Cognitive and Physical Development (Chapter 12). Second Lecture Outline : Jean Piaget’s stage theory Other models Videotape on preschool cognition (Magna M19). Concrete operational stage. Age 7 until 12; children can manipulate internal representations
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Cognitive and Physical Development (Chapter 12) Second Lecture Outline: Jean Piaget’s stage theory Other models Videotape on preschool cognition (Magna M19)
Concrete operational stage • Age 7 until 12; children can manipulate internal representations • Conservation of liquid quantity experiment: children now pass • Conservation of volume: Flubber or silly-putty • “Concrete” because physical demonstrations are needed
Formal-operational stage • 11 or 12 years of age onward; children can manipulate abstract concepts • Second-order relations: They can understand relationships between relations, e.g., division and multiplication are opposite • Algebra, geometry, ven-diagrams
A moving cannon shoots a cannonball straight in the air. Ignoring air resistance-effects, where does it land? Formal operations can get this right. Concrete operations may get it right, or need it demonstrated. ? ? ?
Problems with Piaget’s theory • Development is really continuous, e.g., reading skill • Failing tasks may be because of complexity of materials • Ages may not be accurate • Adults do not always show formal operations: Tim and the fire alarm • Largely biological
Vygotsky: Russian psychologist • Environment is critical: children internalize what they see and experience • Zone of proximal development Capacity Ability Ability Effective teaching Effective parenting Mediated learning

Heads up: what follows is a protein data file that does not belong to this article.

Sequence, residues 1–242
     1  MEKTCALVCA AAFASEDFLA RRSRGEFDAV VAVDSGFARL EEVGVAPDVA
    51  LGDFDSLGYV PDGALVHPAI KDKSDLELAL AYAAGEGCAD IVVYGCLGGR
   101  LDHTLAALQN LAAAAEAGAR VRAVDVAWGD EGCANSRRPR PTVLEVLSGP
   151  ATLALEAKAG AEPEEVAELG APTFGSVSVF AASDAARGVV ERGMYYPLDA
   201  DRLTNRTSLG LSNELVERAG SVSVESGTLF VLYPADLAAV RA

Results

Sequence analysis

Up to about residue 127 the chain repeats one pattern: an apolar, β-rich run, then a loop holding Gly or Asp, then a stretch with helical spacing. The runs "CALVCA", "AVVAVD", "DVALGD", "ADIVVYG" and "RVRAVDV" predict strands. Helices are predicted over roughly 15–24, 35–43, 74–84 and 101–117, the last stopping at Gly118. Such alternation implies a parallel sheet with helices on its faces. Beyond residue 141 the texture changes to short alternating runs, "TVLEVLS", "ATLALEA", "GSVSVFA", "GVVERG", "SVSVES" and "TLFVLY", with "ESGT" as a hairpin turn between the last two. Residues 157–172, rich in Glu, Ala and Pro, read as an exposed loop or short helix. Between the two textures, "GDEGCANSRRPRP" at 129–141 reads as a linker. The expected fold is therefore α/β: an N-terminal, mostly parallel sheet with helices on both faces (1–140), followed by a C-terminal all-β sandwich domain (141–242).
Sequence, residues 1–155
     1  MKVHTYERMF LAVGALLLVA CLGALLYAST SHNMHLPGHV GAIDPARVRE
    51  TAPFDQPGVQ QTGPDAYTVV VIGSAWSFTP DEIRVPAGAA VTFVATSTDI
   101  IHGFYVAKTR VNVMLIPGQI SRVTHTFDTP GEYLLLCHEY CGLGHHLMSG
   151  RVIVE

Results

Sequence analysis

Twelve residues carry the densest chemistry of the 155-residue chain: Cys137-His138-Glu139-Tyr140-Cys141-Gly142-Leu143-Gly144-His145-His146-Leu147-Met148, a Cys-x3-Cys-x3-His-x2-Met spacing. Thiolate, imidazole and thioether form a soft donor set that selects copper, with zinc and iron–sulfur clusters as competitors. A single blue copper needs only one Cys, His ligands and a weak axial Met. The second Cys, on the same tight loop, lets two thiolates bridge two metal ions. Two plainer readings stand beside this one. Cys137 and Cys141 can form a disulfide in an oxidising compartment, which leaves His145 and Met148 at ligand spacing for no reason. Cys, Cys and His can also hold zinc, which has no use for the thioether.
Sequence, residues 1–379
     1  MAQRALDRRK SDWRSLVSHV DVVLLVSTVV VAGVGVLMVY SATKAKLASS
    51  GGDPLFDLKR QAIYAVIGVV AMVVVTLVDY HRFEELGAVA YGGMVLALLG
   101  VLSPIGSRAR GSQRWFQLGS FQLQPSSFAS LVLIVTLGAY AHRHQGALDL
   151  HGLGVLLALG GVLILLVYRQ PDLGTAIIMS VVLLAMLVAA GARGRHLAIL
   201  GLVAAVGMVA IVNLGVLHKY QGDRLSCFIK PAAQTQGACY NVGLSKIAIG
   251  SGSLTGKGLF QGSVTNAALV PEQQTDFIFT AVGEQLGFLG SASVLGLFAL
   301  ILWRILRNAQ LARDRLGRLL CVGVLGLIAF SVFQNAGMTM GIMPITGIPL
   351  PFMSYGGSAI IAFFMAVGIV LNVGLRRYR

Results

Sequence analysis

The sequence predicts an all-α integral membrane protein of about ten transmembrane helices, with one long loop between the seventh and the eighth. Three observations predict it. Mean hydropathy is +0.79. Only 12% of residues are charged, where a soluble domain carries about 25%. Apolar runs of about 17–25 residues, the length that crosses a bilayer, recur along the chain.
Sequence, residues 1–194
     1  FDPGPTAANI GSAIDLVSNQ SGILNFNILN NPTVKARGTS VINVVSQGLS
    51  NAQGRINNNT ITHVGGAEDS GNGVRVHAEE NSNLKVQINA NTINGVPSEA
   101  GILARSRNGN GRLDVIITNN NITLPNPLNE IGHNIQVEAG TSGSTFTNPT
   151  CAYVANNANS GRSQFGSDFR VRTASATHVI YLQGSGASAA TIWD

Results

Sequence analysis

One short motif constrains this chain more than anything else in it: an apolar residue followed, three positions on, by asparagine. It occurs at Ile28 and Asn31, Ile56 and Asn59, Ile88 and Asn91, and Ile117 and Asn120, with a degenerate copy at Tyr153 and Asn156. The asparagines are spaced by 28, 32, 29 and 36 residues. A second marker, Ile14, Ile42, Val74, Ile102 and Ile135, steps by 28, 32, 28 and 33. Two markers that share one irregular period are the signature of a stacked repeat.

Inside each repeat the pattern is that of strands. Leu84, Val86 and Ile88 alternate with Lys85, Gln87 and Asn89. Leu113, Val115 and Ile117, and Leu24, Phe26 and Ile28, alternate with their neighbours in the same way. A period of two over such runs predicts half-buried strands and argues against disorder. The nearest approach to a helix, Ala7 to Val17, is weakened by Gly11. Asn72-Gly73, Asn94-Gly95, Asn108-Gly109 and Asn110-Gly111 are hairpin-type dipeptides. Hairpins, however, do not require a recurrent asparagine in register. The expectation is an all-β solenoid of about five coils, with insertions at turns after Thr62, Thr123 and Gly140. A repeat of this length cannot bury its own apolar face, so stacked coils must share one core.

Information processing approaches • There is gradual change in our ability to process information • Attention Short term memory Long term memory • Changes in encoding, e.g., metamemory, strategy use, metacognition • An advantage is that the model is not domain specific • Maturation and environment important
Cognition in later years • Decrease in fluid and increase in crystallized intelligence, e.g., “Lost in Boston” • Overall changes in information processing, but no net deficits • Wisdom: Insight into human development and life • Greater awareness of what you do not know • Neural plasticity after strokes • Degeneration in Alzheimer’s
Symptoms of Alzheimer’s disease Gradual onset of symptoms: **memory loss **decline in cognitive abilities, such as thinking, understanding, and decision-making. **not as well known are the behavioral symptoms that accompany the disease. **many families often are not prepared for symptoms such as agitation, aggression, depression, or wandering **increase in symptoms over time